Kids are loud, messy, and generally chaotic. Having them all descend into your house for a day or two and then leave can feel jarring.

This can make you feel guilty and have you overcompensating by allowing them freedoms and reducing structure. Just because they’re only around for a short amount of time doesn’t mean you can’t make them clean up after themselves before they leave.

Set this expectation up from day one, and they’ll respect it. 

14. Set Them Up For Success Once They Go Home 

One of the best ways to build structure in a blended family is to talk with the other co-parent and find out if there are certain things the children should be doing that weekend.

Maybe one has a school project due or an exam coming up. You’re a parent, too, and these things shouldn’t fall only on the other parent. Make sure the kids are taking care of their responsibilities while they’re in your home. 

One of the best ways to build structure in a blended family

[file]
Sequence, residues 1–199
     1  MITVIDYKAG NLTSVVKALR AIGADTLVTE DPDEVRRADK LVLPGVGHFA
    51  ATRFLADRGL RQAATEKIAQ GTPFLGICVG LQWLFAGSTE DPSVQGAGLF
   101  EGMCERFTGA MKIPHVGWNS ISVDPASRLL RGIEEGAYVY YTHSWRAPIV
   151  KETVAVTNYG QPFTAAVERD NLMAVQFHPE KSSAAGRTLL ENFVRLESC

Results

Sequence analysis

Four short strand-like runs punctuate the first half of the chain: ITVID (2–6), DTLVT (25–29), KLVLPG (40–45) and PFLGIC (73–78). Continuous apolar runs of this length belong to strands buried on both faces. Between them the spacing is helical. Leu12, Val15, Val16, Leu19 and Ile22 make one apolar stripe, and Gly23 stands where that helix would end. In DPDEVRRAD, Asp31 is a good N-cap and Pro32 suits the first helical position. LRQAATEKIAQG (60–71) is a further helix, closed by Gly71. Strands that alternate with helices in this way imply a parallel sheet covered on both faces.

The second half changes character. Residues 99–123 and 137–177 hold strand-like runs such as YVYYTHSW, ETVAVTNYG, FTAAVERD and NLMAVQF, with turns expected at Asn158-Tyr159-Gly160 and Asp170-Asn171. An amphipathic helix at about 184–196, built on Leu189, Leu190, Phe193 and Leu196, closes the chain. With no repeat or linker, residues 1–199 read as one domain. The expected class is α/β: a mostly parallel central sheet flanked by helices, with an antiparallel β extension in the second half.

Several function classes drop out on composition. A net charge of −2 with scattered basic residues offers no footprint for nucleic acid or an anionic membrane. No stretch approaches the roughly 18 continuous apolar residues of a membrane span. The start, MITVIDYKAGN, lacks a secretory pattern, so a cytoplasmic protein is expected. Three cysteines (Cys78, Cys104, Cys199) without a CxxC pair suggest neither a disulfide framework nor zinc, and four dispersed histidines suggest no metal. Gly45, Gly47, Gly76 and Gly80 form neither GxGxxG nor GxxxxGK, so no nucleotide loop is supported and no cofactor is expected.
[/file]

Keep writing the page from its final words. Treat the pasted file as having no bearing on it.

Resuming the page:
15. Make Sure The Kids Know They’re Always Welcome 

One thing that can happen without you noticing is children might feel as if they’re only welcome on the weekends or when they’ve been scheduled to see you.

Go out of your way to make sure everyone involved knows you’re available more often than that.

If there are numerous children involved and they don’t always get along, try dedicating a night or two a week to spending some alone time with each of them regularly. 

 If you are looking for ways to build structure in a blended family, you will have to approach this situation in a different mindset.

Things May Never Be Perfect

There are many ways to build structure in a blended family.

It’s important to understand that blended families come in all shapes and sizes and that it may never work precisely how you were hoping.

Give yourself, your partner, your co-parent, and the children involved compassion and empathy. I can’t stress enough how important it is to regularly assess the structures you’ve set up, regardless of when the kids are with you.

Many things will happen organically that require changes to schedules and rules, and allowing some flexibility can go a long way towards keeping everyone happy. Be clear with everyone what you are and aren’t willing to compromise on.

Before you know it, it won’t be new, it’ll just be life!